GLOBAL RANKINGS: Canada - The US economy may be a bit wobbly, butagencies north of the border are keeping their cool while independentscontinue to attract acquisitive international firms

Because of Canada's heavy reliance on the US, its biggest trading

partner, you'd think that the loud bang of the American technology

bubble bursting would have shaken the PR foundations north of the

border. Not so. "Last year, we were lamenting that US firms had far more

of the dot-com business than we did," says Linda Smith, SVP and GM of

Fleishman-Hillard Canada in Toronto. "Now this year, we don't mind so


Not that the technology downturn hasn't been felt by the country's PR

agencies. In June, five-year-old Pydea, a hi-tech firm in Toronto whose

clients included Media Metrix and travel Web site, laid off its

entire staff. However, that casualty is not indicative of the current

market, especially when you consider Pydea was a boutique with only four

full-time employees. Most hi-tech firms in Canada - and the technology

divisions of multinationals - are experiencing growth, but not at the

rates that forecasts projected last fall.

Take, for example, Maverick Public Relations in Toronto, something of a

tech darling in the Canadian PR landscape, that has rapidly grown to 25

clients and over $1 million in revenues in just two years. "In

the first quarter of 2001, we were 40% over 2000 revenues," says

president Julie Rusciolelli, who adds that she's only had to lay off one

employee this year. Maverick currently has 13 staff members. "But that

growth is way, way lower than projected."

What is continuing to drive the Canadian market is globalization, or at

least North Americanization, as companies look for agencies that can

service both Canadian and American markets, especially in the tech and

healthcare sectors.

While some tech businesses went belly-up or scaled back their budgets,

several major new accounts outside the tech sector have been put up for

grabs in competitive pitches this year. Electronic retailer Best Buy of

Minneapolis hired the Toronto office of Edelman as part of its drive to

enter Canada with 65 stores over the next three years, while Levi

Strauss Canada hired its first ever PR agency of record in Apex Public

Relations, a Toronto shop with about $2 million in revenues.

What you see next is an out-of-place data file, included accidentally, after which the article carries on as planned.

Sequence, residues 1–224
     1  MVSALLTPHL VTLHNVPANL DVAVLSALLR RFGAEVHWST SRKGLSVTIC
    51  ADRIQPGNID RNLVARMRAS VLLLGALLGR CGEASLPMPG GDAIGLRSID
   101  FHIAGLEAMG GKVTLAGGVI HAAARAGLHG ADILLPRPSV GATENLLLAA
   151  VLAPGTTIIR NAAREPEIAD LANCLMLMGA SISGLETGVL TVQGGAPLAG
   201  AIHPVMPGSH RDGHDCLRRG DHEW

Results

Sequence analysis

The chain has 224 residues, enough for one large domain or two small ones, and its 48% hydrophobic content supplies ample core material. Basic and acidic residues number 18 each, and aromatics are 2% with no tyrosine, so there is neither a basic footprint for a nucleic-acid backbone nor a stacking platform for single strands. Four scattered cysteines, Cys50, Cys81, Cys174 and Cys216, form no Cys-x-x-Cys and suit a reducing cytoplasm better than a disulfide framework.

But the biggest trend steering the industry is the blurring of the

border, with many firms both big and small reporting at least 25% of

their work being done south of the border, either for Canadian-based

clients or, to a lesser but still significant extent, for US-based

clients. That has resulted in multinationals continuing to buy up

independents, and Canadian-owned PR firms fighting back by expanding

outside their native land. This trend is expected to continue over the

next few years.

New force

Although accurate figures for the Canadian PR industry are difficult to

come by because many firms are privately owned, industry estimates value

it at between $200 million and $300 million (C$290

million to C$435 million). While the branch offices of US giants

such as Hill & Knowlton, Cohn & Wolfe, and Edelman have long competed

neck-and-neck in the Canadian market, last year Fleishman-Hillard broke

away as a dominant force, thanks to its aggressive acquisition


Fleishman's 2000 billings skyrocketed to $27.9 million, up from

$4.1 million in 1999. That massive growth is a result of

Fleishman Canada reporting revenues that for the first time include a

merger with GPC International of Toronto (which has offices in 16

countries, eight of those in Canada), and the acquisition of High Road

Communications (the largest hi-tech PR firm in Canada, with offices in

Ottawa, Toronto, and San Francisco). In recent years, High Road has

enjoyed annual growth rates between 70% and 75% (although this year it

expects those numbers to drop to a modest 5% to 10%). For High Road, the

blurring of the US-Canadian border was never more apparent until this

year. With revenues exceeding $4 million, High Road has grown by

concentrating on the US market, which accounts for 85% of its work. Its

Canadian clients - for which it does mostly US work - include Northwood